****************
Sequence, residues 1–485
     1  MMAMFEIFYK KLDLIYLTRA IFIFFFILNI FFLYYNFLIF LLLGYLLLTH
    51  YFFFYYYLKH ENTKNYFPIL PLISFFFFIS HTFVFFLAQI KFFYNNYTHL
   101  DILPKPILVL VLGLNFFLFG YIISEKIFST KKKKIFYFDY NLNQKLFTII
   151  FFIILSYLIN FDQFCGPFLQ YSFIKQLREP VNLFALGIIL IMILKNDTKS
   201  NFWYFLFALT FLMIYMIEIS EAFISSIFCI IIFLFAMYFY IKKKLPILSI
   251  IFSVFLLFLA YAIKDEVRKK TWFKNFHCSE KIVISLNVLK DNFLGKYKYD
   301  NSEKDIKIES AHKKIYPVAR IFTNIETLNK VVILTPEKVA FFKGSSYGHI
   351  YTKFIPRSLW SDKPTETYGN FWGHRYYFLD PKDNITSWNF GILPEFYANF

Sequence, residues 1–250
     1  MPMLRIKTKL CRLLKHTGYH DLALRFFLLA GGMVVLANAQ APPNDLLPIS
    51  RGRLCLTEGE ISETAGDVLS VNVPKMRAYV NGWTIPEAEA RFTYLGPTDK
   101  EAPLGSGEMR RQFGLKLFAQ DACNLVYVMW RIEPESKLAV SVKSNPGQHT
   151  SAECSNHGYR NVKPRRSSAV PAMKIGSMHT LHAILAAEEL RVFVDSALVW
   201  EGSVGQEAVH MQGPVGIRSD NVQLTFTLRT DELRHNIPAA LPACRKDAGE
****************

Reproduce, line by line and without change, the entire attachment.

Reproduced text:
Sequence, residues 1–485
     1  MMAMFEIFYK KLDLIYLTRA IFIFFFILNI FFLYYNFLIF LLLGYLLLTH
    51  YFFFYYYLKH ENTKNYFPIL PLISFFFFIS HTFVFFLAQI KFFYNNYTHL
   101  DILPKPILVL VLGLNFFLFG YIISEKIFST KKKKIFYFDY NLNQKLFTII
   151  FFIILSYLIN FDQFCGPFLQ YSFIKQLREP VNLFALGIIL IMILKNDTKS
   201  NFWYFLFALT FLMIYMIEIS EAFISSIFCI IIFLFAMYFY IKKKLPILSI
   251  IFSVFLLFLA YAIKDEVRKK TWFKNFHCSE KIVISLNVLK DNFLGKYKYD
   301  NSEKDIKIES AHKKIYPVAR IFTNIETLNK VVILTPEKVA FFKGSSYGHI
   351  YTKFIPRSLW SDKPTETYGN FWGHRYYFLD PKDNITSWNF GILPEFYANF

Sequence, residues 1–250
     1  MPMLRIKTKL CRLLKHTGYH DLALRFFLLA GGMVVLANAQ APPNDLLPIS
    51  RGRLCLTEGE ISETAGDVLS VNVPKMRAYV NGWTIPEAEA RFTYLGPTDK
   101  EAPLGSGEMR RQFGLKLFAQ DACNLVYVMW RIEPESKLAV SVKSNPGQHT
   151  SAECSNHGYR NVKPRRSSAV PAMKIGSMHT LHAILAAEEL RVFVDSALVW
   201  EGSVGQEAVH MQGPVGIRSD NVQLTFTLRT DELRHNIPAA LPACRKDAGE